Stress Reduction


stress4So many illnesses today can be linked to our busy, fast-paced lives. We must all take care to avoid the effect of long-term stress. For years, studies have revealed that psychological stress is associated with greater risk for depression, heart disease and infectious diseases. Until recently, no one understood exactly how stress specifically affects one’s health. Researchers at Carnegie Mellon University as published in the Proceedings of the National Academy of Sciences have shown that the effects of psychological stress on the body’s ability to regulate inflammation can promote the development and progression of disease.[cite]


Fortunately, long before science determined the underlying physiological details, intuitive people down through the ages have developed various ways to reduce the pressure, strain and anxiety within our lives. Mary invites all to spend an hour and a half once a week to learn simple, natural ways to reduce stress in your life. The six week instructional will focus on breathing techniques, meditation, music, herbs and essential oils.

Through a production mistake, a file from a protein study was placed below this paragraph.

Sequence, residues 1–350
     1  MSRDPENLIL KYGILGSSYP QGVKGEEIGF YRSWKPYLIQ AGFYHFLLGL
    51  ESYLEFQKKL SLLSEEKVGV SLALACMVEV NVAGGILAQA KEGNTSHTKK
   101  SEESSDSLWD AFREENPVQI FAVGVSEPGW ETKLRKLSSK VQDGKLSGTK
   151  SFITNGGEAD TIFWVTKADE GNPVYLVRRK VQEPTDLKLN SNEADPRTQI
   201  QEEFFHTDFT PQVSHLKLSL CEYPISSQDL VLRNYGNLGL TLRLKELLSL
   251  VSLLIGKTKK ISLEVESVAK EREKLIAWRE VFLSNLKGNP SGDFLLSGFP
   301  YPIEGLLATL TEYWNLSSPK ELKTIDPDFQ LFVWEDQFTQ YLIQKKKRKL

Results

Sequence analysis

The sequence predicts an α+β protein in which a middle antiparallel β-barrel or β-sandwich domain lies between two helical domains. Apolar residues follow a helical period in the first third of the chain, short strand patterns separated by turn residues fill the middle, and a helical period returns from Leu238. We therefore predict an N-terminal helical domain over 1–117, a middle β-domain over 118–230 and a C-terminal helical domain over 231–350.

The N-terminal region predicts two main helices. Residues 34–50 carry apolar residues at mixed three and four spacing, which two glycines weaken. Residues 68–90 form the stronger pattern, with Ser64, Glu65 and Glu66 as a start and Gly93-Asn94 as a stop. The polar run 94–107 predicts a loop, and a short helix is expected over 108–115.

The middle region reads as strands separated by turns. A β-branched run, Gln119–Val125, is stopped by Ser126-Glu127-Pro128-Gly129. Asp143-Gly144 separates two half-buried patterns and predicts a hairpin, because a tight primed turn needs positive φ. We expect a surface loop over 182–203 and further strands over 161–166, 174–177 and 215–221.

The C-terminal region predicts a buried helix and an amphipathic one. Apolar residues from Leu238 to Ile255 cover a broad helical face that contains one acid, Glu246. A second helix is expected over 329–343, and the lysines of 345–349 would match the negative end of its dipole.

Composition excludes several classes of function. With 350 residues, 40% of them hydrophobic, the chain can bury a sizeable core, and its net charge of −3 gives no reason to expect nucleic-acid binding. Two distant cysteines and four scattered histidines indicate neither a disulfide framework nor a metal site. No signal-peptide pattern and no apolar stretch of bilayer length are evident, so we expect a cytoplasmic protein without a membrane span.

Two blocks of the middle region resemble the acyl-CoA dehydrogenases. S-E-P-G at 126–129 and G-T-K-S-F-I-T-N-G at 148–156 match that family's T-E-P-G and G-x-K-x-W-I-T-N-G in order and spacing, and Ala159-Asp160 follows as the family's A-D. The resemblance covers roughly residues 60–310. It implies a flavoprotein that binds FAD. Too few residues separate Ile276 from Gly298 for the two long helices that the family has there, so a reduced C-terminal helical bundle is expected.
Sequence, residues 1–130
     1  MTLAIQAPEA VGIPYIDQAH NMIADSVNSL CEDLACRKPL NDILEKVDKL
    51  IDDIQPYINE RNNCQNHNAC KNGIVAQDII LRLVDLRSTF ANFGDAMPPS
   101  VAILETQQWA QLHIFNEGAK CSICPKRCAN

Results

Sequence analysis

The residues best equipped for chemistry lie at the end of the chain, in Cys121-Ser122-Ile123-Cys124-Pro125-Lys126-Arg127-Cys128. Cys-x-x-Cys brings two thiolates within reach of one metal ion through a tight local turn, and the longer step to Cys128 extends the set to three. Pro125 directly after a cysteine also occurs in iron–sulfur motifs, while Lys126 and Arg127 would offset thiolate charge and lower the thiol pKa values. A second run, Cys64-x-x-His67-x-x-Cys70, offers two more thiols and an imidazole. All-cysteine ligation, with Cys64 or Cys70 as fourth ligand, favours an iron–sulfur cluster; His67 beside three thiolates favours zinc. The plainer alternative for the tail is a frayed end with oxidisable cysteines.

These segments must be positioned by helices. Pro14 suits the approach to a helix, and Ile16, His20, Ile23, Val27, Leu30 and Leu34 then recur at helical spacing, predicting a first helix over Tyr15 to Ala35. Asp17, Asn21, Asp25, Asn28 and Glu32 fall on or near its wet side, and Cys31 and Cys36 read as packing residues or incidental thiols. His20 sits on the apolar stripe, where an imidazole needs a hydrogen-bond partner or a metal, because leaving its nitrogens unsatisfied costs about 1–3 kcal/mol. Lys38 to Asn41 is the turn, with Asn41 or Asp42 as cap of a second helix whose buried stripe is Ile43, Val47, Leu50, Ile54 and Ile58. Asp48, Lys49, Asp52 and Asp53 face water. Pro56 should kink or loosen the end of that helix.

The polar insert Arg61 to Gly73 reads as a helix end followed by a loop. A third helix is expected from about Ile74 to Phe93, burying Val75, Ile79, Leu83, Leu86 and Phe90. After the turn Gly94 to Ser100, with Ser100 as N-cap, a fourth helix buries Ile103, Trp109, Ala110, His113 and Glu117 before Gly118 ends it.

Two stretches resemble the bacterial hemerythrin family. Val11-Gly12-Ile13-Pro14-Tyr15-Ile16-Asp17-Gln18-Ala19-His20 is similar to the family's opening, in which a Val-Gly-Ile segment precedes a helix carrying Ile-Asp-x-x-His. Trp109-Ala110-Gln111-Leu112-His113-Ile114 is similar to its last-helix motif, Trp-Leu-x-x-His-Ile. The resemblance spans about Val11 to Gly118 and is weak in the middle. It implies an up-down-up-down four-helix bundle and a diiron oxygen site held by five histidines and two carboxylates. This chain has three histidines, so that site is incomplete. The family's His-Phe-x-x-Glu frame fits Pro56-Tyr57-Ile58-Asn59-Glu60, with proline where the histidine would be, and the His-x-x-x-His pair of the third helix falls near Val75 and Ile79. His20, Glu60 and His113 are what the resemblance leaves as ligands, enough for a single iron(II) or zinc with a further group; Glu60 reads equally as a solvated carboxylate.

For interested groups, associations and organizations, Mary can bring the course to your location (course time can be tailored to a given situation). Please check our products area in the near future for our web-based distance learning course. For more information or scheduling, please contact Mary Winters.


Six Weeks to Stress Reduction - $65*

* includes a class workbook.






S. Cohen, D. Janicki-Deverts, W.J. Doyle, G.E. Miller, E. Frank, B. Rabin and R.B. Turne. Chronic stress, glucocorticoid receptor resistance, inflammation, and disease risk. PNAS April 17, 2012. Vol. 109, no. 16, 5995–5999. Citation link:


Origin  ~ Herb: The word herb is derived from the old French erbe and, from its first appearance in English in the late 13th century, meant both a plant without a woody stem and a plant of particular medicinal or culinary value. The “h” first appeared in the 15th century but wasn’t voiced until the 19th century, which is why some folks still say 'erb'.